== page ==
“We have no reason to wear animal skin anymore” says Senior Fashion Editor Todd Anthony
Last week the National Gallery of Victoria, curated Melbourne Design Week 2019. The week included over two hundred talks, exhibitions, tours and workshops. Design practitioners from across the globe spent the week exploring how contemporary design is shaping our future.
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The Masters Institute of Creative Education, once again front and centre of design innovation, took great confidence in the overwhelming urgency within the fashion industry for vegan fashion products globally. We developed a vegan leather lecture and workshop series in participation with Design Week, in alliance with the NGV.
“If you wear leather you love pets, not animals.” Miley Cyrus.
The day started out with a lecture delivered by myself on what vegan fashion is. This was followed by a discussion on how many vegan fashion products within the global fashion market place are actually not necessarily eco-friendly. The aim of this lecture and discussion was to educate the designers and animal-friendly fashion enthusiasts present on sourcing vegan leather that was able to appease the three most common design requests in this field:
- The materials appearance and malleability is that of which it is trying to replicate (leathers of different textures and different weights)
- The material is eco-friendly. (minimal chemicals used in its production and is biodegradable)
- The cost of sourcing the material is aligned to that of leather or less.
The lecture and workshop attracted a diverse congregation of designers and fashion aficionados, all with one thing in common. All those in attendance have a love for animals, as I and so many others do. All curious to see what alternatives there are for switching from a leather to non-animal derived materials. Once the lecture had taken place the group moved through to the pattern making and garment construction studio, overlooking the majestic Princess Theatre on Spring Street. An area had been set up ready for the workshop, sparkling industrial machines hummed like new Porches ready for test driving, perforated, metallic vegan leathers rolled out onto the high pattern making tables with equipment ready for use.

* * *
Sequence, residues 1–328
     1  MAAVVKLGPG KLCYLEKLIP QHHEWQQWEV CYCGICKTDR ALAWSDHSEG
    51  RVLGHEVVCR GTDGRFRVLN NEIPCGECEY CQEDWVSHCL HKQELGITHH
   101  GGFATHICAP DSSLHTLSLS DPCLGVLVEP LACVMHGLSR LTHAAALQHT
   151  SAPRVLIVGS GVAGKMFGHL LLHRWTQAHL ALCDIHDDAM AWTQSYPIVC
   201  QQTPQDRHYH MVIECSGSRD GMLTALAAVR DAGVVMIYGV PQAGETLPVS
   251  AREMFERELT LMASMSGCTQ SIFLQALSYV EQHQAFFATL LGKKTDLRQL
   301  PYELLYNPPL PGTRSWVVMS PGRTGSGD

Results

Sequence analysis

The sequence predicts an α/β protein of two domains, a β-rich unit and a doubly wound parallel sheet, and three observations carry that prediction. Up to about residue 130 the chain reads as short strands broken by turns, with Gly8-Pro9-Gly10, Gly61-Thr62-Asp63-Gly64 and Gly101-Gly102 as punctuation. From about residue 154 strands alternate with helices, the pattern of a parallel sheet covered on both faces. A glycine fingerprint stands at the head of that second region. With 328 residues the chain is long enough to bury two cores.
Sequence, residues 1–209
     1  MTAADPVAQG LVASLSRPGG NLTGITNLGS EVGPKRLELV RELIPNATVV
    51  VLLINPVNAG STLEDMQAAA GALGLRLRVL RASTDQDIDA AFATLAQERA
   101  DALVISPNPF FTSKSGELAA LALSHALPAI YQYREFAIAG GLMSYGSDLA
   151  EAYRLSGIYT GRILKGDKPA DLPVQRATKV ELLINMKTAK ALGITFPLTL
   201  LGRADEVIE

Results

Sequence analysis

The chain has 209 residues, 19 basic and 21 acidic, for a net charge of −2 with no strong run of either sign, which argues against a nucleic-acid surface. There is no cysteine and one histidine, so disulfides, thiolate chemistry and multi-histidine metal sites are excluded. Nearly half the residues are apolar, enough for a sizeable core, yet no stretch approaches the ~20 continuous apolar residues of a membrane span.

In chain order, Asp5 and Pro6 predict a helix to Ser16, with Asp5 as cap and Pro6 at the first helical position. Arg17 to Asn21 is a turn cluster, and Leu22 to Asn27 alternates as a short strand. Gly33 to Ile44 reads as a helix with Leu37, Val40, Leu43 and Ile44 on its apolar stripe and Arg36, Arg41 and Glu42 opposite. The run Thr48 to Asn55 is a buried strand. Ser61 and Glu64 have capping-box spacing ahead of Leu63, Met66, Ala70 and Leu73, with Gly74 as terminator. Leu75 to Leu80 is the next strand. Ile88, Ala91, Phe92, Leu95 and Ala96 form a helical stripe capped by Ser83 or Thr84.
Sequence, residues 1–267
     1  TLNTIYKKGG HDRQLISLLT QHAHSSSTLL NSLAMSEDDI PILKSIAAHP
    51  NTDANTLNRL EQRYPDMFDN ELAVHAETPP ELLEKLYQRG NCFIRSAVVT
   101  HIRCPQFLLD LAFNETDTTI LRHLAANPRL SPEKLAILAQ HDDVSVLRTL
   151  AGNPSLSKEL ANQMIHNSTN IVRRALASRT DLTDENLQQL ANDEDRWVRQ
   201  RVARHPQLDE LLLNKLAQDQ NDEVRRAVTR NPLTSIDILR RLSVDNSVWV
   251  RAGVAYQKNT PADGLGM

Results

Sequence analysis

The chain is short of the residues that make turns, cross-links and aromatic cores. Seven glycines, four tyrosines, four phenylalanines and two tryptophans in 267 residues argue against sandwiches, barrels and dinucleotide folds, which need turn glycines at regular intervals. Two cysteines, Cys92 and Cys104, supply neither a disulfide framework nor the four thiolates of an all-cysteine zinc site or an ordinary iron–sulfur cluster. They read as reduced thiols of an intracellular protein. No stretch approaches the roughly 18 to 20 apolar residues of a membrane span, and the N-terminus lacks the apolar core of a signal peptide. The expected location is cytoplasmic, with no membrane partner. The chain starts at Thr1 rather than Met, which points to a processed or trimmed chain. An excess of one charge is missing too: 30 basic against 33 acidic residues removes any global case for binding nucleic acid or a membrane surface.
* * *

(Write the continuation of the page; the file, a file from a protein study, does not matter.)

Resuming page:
After instruction, all present spent the afternoon constructing and personalising their vegan leather satchels, designed as laptop cases, whilst chatting about current technologies and design innovations contributing to the design industries movement away from animal skin.
“Choosing to live as a sustainable vegan activist means wearing more vintage (less waste; loving pieces for longer), playing with the newest eco-materials and technology, and making custom vegan pieces with some of my favourite designers,” Miley Cyrus
The four major brands who are taking full advantage of the new technologies and are using vegan leather include Louis Vuitton, Celine, Saint Laurent, Vivienne Westwood, and Stella McCartney.
Here are five examples of vegan leathers that are just as good for the planet as they are for saving the lives of animals.
- Cork – Long used as a water-resistant, organic material in floor tiling, cork is widely regarded as being one of the most ecologically friendly materials around.
- Recycled Rubber – Some rubbers, such as that used in inner tubes, have a leathery texture and density.
- Cool stone ‘Leather’ – A brand new kind of ‘leather’ made from slate stone, this has a matte grey finish and looks and feels a bit like leather combined with rock.
Pinatex –This material is made from wasted parts of the pineapple bush, and is 100% eco-friendly,
- Mu-Skin – This latest innovation comes from mushrooms. You can grow this mushroom leather to the size and shape you need for any given design.
As a design professional, academic, fashion editor and vegan, I want to thank The Masters Institute of Creative Education for investing into the continual research and development of true innovation that contributes to fashion product that doesn’t just look good but is guilt free.
If you would like to know more about Design Week, please go to the National Gallery of Victoria, website: https://www.ngv.vic.gov.au/
The answer to the question in your head, will we be doing it again? YES, we will. Please go to The Masters Institute of Creative Education, website: https://themasters.institute/
Senior Fashion Editor. Todd Anthony
Imagery: Claudia Altavilla.